The Financial Express

UK fines British Airways £20m over 2018 data breach

| Updated: October 20, 2020 09:59:27

- Reuters file photo - Reuters file photo

The Information Commissioner's Office (ICO) of the United Kingdom has fined British Airways £20m ($26m), its biggest such penalty to date, for a data breach which affected more than 400,000 customers.

The breach took place in 2018 and affected both personal and credit card data.

The fine is considerably smaller than the £183m that the ICO originally said it intended to issue back in 2019, reports BBC.

It said "the economic impact of Covid-19" had been taken into account.

However, it is still the largest penalty issued by the ICO to date.

The incident took place when BA's systems were compromised by its attackers, and then modified to harvest customers' details as they were input.

It was two months before BA was made aware of it by a security researcher, and then notified the ICO.

The data stolen included log in, payment card and travel booking details as well name and address information.

A subsequent investigation concluded that sufficient security measures, such as multi-factor authentication, were not in place at the time.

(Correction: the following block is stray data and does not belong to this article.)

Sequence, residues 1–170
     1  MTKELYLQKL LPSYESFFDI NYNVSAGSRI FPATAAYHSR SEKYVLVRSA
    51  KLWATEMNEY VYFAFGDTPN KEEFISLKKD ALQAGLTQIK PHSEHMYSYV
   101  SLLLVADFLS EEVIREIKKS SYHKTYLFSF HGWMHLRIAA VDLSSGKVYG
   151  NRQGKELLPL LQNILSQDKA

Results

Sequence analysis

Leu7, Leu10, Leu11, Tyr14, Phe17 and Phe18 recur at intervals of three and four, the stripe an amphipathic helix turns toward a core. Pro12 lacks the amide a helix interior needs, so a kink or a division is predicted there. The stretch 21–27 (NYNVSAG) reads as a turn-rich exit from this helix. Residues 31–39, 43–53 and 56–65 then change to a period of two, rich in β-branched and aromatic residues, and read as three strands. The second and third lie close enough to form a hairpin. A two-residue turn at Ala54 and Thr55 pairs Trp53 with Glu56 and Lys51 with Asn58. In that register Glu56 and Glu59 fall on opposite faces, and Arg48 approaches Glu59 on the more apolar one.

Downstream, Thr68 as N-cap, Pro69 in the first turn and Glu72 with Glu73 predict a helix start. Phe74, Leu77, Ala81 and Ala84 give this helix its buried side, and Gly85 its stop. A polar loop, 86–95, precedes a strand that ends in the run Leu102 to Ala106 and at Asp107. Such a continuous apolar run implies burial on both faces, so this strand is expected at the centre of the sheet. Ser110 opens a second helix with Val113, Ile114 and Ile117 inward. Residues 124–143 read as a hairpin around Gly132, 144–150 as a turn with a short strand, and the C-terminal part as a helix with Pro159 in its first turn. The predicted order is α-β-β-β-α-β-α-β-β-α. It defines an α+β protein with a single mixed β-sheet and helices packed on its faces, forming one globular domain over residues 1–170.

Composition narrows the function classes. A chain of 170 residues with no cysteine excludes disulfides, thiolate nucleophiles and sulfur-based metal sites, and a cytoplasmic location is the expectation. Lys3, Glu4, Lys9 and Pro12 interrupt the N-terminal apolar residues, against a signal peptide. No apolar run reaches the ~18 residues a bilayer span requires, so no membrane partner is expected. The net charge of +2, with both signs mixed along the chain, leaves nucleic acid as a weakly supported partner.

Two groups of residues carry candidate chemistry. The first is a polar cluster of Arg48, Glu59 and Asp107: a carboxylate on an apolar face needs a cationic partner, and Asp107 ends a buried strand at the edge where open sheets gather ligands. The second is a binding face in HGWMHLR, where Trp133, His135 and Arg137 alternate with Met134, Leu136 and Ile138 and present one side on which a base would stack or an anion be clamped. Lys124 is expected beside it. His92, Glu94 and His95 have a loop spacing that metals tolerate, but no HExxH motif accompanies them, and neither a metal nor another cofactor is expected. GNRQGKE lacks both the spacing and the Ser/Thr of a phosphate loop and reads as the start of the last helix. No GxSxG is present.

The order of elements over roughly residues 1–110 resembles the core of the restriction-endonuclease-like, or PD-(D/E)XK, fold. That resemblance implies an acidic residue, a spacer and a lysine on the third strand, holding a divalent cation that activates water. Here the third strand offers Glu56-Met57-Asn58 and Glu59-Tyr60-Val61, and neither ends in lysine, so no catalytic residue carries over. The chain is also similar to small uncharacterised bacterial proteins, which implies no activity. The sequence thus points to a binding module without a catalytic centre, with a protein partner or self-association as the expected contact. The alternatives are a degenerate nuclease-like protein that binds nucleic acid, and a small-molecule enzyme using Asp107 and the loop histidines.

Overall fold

The ICO noted that some of these measures were available on the Microsoft operating system that BA was using at the time.

"When organisations take poor decisions around people's personal data, that can have a real impact on people's lives. The law now gives us the tools to encourage businesses to make better decisions about data, including investing in up-to-date security," said Information Commissioner Elizabeth Denman.

British Airways said it had alerted customers as soon as it had found out about the attack on its systems.

"We are pleased the ICO recognises that we have made considerable improvements to the security of our systems since the attack and that we fully co-operated with its investigation," said a spokesman.

Data protection officer Carl Gottlieb said that in the current climate, £20m was a "massive" fine.

"It shows the ICO means business and is not letting struggling companies off the hook for their data protection failures," he said.

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